In any event, this INS interpretation is fully in accord with a considerable body of judicial comment on similar provisions in other areas of law. Even the sixth amendment to the United States Constitution, although clearly designed primarily for the benefit of the defendant, has been construed to have a broader purpose as well. As was stated in Lewis v. Peyton, 352 F.2d 791, 792 (4th Cir. 1965):
The right to a public trial is not only to protect the accused but to protect as much the public's right to know what goes on when men's lives and liberty are at stake, for a secret trial can result in favor to as well as unjust prosecution of a defendant.
In United States v. Kobli, 172 F.2d 919, 924 (3d Cir. 1949), the court stated:
[T]he right . . . accorded to members of the public to be present at a criminal trial as mere spectators . . . has been imbedded in our Constitution as an important safeguard not only to the accused but to the public generally.See also United States v. Lopez, 328 F. Supp. 1077, 1087 (E.D.N.Y. 1971), where the court stated:
The public has an independent right to be present to see that justice is fairly done. It is important that our citizens be free to observe court proceedings to insure a sense of confidence in the judicial process. Conducting trials behind closed doors might engender an apprehension and distrust of the legal system which would, in the end, destroy its ability to peacefully settle disputes.See generally In Re Oliver, 333 U.S. 257, 266-73, 68 S.Ct. 499, 92 L.Ed. 682 (1948).
Although it is not necessary in this proceeding to determine the public's rights under the sixth amendment, it is important to note that "although a defendant can, under some circumstances, waive his constitutional right to a public trial, he has no absolute right to compel a private trial. . . ." Singer v. United States, 380 U.S. 24, 35, 85 S.Ct. 783, 790, 13 L.Ed.2d 630 (1965).
In a New York State statutory context, it has been observed:
A citizen who is refused admission to a courtroom is denied the exact same kind of right as one turned away from a public park or schoolroom.United Press Associations v. Valente, supra note 2, 308 N.Y. at 86, 123 N.E.2d at 784 (Desmond, J., concurring). While in Valente, on the basis of specific legislative history, an equally divided court affirmed a lower court finding that the statute in question did not confer standing upon nonparties to enforce their right to attend a trial, this holding is clearly questioned, if not in fact essentially overruled, by later New York cases in which standing was found to exist. See Oliver v. Postel, 30 N.Y.2d 171, 179, 331 N.Y.S.2d 407, 412, 282 N.E.2d 306 (1972); Gannett Co., Inc. v. Mark, 54 A.D.2d 818, 387 N YS.2d 336, 338 (4th Dept. 1976).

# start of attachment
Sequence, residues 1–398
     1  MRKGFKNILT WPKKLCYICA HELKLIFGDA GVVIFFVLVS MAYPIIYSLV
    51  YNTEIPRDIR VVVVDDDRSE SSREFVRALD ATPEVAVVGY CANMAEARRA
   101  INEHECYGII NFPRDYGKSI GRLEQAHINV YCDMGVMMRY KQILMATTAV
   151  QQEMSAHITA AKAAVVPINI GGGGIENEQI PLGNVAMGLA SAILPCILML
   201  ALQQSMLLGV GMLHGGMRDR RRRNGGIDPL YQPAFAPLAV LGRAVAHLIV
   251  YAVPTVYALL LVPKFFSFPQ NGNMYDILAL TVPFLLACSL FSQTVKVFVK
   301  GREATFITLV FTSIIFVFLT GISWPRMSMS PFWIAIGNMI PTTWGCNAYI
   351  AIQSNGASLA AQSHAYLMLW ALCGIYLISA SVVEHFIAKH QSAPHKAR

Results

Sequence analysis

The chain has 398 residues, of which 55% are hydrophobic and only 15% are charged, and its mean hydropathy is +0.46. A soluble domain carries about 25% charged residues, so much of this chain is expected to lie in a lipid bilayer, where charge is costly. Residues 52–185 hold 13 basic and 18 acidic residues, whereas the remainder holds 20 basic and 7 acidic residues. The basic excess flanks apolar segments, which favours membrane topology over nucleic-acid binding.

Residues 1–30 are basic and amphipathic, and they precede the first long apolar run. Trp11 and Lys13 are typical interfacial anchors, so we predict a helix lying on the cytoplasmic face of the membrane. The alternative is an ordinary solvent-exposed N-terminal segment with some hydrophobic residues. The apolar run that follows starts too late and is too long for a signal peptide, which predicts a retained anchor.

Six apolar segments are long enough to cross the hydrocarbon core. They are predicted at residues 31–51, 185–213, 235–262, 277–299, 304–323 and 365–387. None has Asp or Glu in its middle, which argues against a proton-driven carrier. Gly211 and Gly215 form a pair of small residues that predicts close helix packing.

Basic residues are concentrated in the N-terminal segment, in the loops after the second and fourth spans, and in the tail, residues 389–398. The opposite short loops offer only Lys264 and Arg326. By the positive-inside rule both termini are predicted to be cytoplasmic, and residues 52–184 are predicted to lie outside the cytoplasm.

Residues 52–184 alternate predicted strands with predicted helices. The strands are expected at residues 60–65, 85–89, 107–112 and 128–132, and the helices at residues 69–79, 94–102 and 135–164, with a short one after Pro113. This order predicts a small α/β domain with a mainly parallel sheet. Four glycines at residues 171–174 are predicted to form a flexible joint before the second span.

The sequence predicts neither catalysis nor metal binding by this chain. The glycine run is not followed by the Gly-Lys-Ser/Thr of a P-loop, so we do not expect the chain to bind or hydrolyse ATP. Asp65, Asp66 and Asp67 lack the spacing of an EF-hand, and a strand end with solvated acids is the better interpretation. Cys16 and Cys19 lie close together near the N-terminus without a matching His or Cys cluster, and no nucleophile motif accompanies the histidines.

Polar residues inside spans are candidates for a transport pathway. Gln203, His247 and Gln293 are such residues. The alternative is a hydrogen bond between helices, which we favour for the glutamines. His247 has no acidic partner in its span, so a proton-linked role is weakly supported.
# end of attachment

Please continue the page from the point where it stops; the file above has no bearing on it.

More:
In this case, Judge Lyons has taken the position that the public's right to know is adequately protected if the press is free to enter. However, in the ordinary case, just as the general public should not be required to rely upon the representations of the government that a trial was fully and fairly prosecuted, so, too, it should not have to rely upon the representations of the press. The public should be able to see for itself that justice is being done. See, e. g., United States v. Kobli, supra, 172 F.2d at 923.
Indeed, here the public cannot wholly depend upon the press for there have been times when not a single member of the press has been in attendance.
I note that the instant plaintiffs allege a variety of special interests in attending these proceedings. Such special interests are not required for standing, since the regulation applies with equal force to all members of the general public. To meet "[t]he requirement that a party seeking review must allege facts showing that he is himself adversely affected," Sierra Club v. Morton, 405 U.S. 727, 740, 92 S.Ct. 1361, 1368, 31 L.Ed.2d 636 (1972), it is sufficient to assert, as these plaintiffs do, a personal desire to attend the hearing. The test for standing is not how strongly the plaintiff cares about the agency's action, but simply whether the plaintiff is among those personally affected by it.
Next, it is necessary to briefly consider whether the plaintiffs may have an administrative remedy that should be pursued before resorting to the district court. Upon scrutiny, it appears that they do not. They cannot intervene in the deportation proceeding, since they assert no interest in its outcome — their interest is solely in monitoring the process by which the outcome is determined. Indeed the hearing structure of INS is designed only to deal with questions that arise in the context of regular administrative proceedings. Its regulations provide no mechanism whatsoever for dealing with claims of strangers to a proceeding. Moreover, there appears to be no procedure for interlocutory appeals within the agency for the regulations provide for appeals from "decisions," not from interlocutory orders, of the hearing officer. See 8 C.F.R. §§ 3.1(b), 242.21. Obviously, by the time agency review of the order closing the hearing could be obtained, the issue would be moot. See Oliver v. Postel, supra, 30 N.Y.2d at 183, 331 N YS.2d at 415-16, 282 N.E.2d 306. Thus, the plaintiffs having no administrative remedy, it is entirely proper for them to address their claim to this court. Cf. Lennon v. United States, 387 F. Supp. 561 (S.D.N.Y. 1975).